If you want to attract an honorable lady, be an honorable man.

Sunday, February 17, 2013

The Hobbit: Review

Sorry it took me so long to get this one out - I have been busy .... as usual. 

This was my first official 3D movie I ever saw, with pretty high expectations of both the film and technical detail,  and oh-blimey I was not disappointed in either. 

But down to the basics. 
(and yes, while I am typing this I am listening to the soundtrack - (epicness in all directions) 

Bilbo Baggins the rather prosy and well-to-do Hobbit is swept off on a journey to help a gaggle of dwarves re-gain their homeland stolen my the Smaug the Dragon. Over hills and under hills, chased by wolves and carried by eagles, and almost becoming troll-fodder, Bilbo gets more than he ever bargained for, and changes far more than he ever thought he would - for the better. 

The thing I enjoyed most about this movie is the changing character of Bilbo. He starts very prissy, if I may use the word, the not-want-to-get-your-hands-dirty type personality, who is rather preoccupied with thoughts of home and ease, comfort, and his far-away Hobbit hole. Through the process of the journey, he learns courage, determination, and most importantly, compassion and self sacrifice. He helps the dwarves on their quest to take back their home, since, as he puts it, they have none. He has a home, and that is where he belongs. They don't have a home, or belong anywhere, and he will help them take it back if he can. 

The changing character of Bilbo, from not so noble and well-to-do, to compassion, nobility, and courage, is enjoyable, heartening, encouraging, enthralling  and of course, amusing.       

The main theme to the movie is summed up in one sentence, which I am sure you have heard before. 

"Even the smallest person can change the course of history"

Bilbo, seemingly insignificant, through a series of events, sets in action an even bigger series of events that will leave the world forever changed.

Simple acts of kindness and love (code-read Christlikeness) are what change the world  - not big powers and governments. 

This clip summarizes the entire movie perfectly. 


The worldview is overall very refreshing and uplifting. On the surface it seems to be a story of revenge and recapturing of a homeland, but the real point is how even small people can make a huge difference. Love it, love it, love it.

Amazing visuals. I saw it in both 3D and 2D, and the quality of graphics was flooring in both. LOTR pales in the dust of antiquity under the splendor of this movie. Jackson left no stone un-turned in making this movie simply breathtaking.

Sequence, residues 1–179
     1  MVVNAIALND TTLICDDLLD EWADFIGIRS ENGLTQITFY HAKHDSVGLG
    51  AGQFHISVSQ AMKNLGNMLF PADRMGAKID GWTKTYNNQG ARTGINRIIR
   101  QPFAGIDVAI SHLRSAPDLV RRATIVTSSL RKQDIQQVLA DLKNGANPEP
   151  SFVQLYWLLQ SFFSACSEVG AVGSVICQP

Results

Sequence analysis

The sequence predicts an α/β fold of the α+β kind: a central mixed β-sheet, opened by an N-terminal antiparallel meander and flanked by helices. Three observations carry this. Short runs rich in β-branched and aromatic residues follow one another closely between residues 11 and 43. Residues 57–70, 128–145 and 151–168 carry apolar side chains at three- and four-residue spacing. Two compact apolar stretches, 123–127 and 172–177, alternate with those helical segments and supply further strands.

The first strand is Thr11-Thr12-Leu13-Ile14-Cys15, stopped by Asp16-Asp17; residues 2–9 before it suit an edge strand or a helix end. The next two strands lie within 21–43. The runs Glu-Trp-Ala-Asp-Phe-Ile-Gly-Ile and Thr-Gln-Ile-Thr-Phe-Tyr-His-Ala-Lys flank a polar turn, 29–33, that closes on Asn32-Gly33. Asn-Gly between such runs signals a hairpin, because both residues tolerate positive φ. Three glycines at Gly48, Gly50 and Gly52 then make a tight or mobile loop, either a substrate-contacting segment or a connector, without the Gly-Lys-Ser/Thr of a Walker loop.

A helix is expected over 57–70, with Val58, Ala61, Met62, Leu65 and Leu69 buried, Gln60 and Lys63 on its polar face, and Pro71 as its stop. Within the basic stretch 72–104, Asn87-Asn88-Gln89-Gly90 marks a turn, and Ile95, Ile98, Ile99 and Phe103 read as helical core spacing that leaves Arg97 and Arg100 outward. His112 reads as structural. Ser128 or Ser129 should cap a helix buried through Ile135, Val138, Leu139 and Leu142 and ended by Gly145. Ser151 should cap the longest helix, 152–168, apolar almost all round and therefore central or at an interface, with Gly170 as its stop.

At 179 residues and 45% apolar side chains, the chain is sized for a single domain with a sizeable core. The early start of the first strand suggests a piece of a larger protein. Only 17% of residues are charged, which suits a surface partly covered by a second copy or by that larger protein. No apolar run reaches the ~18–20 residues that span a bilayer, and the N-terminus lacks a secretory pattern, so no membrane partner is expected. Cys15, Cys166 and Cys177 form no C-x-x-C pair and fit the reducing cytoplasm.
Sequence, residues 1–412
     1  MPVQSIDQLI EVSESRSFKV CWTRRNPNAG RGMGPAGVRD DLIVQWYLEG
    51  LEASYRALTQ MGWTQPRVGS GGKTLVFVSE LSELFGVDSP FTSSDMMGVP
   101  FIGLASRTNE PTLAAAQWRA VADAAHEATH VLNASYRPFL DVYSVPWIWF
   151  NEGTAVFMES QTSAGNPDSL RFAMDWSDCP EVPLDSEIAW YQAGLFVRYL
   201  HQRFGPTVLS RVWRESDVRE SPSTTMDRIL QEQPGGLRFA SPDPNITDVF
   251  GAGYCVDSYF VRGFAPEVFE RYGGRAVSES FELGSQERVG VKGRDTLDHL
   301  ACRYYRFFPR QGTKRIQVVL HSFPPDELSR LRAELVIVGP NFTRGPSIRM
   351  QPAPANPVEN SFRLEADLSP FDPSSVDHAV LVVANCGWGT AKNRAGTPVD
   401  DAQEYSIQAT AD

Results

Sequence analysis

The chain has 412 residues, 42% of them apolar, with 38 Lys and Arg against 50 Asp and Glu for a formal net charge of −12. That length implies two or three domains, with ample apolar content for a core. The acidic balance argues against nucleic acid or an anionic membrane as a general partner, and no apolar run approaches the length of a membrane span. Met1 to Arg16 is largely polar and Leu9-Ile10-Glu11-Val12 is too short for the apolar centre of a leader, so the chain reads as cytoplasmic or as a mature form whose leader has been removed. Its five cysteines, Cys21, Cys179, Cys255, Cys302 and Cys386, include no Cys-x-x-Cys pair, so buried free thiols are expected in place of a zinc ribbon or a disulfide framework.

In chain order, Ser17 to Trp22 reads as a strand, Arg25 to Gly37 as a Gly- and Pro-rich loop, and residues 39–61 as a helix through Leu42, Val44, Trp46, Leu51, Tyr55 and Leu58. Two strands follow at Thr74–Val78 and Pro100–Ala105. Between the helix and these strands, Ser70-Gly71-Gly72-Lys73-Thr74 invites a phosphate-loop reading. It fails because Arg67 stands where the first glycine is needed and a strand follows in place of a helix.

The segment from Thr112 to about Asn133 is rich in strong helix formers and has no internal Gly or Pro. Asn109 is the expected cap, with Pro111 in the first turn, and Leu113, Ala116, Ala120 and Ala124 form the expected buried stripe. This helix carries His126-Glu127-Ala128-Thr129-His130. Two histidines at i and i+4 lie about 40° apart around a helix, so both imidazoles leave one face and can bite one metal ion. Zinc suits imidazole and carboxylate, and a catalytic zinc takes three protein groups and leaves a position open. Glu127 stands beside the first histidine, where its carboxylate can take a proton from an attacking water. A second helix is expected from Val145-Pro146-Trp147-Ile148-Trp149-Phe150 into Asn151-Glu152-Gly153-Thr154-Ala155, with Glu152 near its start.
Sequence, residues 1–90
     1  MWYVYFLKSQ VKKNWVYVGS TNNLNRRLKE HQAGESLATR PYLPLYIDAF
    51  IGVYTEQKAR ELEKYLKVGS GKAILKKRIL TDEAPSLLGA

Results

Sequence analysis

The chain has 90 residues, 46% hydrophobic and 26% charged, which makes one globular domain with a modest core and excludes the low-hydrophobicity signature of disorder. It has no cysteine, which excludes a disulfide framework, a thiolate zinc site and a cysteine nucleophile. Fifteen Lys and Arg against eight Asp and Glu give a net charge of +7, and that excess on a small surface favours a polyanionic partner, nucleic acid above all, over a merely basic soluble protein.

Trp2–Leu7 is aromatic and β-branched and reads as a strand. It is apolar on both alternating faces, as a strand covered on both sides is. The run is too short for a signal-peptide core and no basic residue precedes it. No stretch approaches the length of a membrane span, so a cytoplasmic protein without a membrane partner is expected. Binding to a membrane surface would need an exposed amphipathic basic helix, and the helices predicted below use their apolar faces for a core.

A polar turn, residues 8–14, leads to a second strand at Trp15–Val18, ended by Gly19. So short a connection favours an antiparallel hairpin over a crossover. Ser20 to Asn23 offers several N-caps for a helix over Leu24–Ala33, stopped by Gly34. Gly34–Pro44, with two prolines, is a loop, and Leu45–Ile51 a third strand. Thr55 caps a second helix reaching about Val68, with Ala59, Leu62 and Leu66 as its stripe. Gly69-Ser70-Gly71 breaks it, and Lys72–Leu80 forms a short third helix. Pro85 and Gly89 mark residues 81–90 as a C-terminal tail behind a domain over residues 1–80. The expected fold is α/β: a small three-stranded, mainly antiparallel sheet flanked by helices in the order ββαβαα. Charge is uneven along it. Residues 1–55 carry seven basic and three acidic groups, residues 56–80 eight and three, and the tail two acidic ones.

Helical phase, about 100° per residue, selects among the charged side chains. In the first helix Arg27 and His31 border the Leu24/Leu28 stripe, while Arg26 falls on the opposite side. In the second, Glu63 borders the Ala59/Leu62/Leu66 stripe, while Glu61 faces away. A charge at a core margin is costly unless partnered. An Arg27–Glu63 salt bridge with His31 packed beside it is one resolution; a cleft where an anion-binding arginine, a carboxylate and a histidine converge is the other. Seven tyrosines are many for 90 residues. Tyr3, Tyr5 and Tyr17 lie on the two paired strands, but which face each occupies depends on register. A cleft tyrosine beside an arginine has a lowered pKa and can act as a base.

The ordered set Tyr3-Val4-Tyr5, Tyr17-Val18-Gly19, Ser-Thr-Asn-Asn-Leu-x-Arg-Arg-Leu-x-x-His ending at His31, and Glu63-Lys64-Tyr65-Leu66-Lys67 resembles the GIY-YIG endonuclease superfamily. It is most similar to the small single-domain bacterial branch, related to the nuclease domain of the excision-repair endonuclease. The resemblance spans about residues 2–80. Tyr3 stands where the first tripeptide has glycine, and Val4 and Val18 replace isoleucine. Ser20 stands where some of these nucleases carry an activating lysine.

The character development of Bilbo is quite enjoyable and most uplifting and encouraging. Love it totally.

The dwarves - oh who couldn't love the dwarves.
13 dwarves is a lot of individual characters to wrangle together, and I believe they did a fabulous job. Each has their own distinct personality, with their own quirks and oddities. The book made them to be rather stuffy, quiet and moody creatures, but the movie brings to life a people who are fun loving, rowdy, loyal, heroic, and valiant. I fell in love with the dwarves instantly.

From the right...
Bomber, Bofer, Bifer, Nori, Ori, Dori, Thorin, Balin, Dwalin, Oin, Gloin, Fili and Kili. 

As far as fighting goes, I have to say I like Thorin the best, but the character of Bofer stuck out to me the most. I really like his character, and you just have to see the movie to see what I mean. Thorin is next in the line of favorite dwarves, but I won't continue or else who knows where I will stop.  : )


If you are a die-hard fan of the book, you will probably be disappointed by this movie. They stick to the overall main theme, with a lot of the original details, but of course, same with LOTR, they take some liberties and change some things, re-route some things, and even add a few things. Honestly, I think some of the changes didn't really affect it, some actually made it better, and only a few were not as good as the original book. My Mom heartily disagrees, and doesn't like the changes. I don't think the changes detract from the overall effect of the film, and some even add to the effect, as I said, but if you are a die-hard originalist, you might be disappointed.    

The dwarves, like any other group of non-saved guys, can have some rather un-edifying moments. Like, the scene where the dwarves all guzzle ale and let out some window shattering belches one after another. *sigh*
There is only only slightly crude line, and it was only crude in a modern context, not as it was being used.

I could go on about it, but I will cut it short and end by saying I loved it, and go see the awesome film for yourself. The good in the movie far, far out-weighs the bad, and I look forward to seeing it over and over again, as well as looking forward most expectantly to the next two, and the threesomes extended versions.

Overall rating: 4.95 out of 5. The .05 out for the one crude line.  


  1. I want to see this SO bad!!! I love the LOTR trilogy, but haven't managed to see The Hobbit yet. :(

  2. Spot on!! I am even a die hard fan of the book...the add-ins were okay, not thrilled about their tinkering, but it CERTAINLY didn't take away from the movie. Will definitely own this one day!!

    I don't even remember the crude line...don't remind me :)

    1. Like I said, the line was only crude because it has a modern connotation. As it was, the character wasn't trying to be crude, or even witty at all.
      Hate it when Hollywood does that.....


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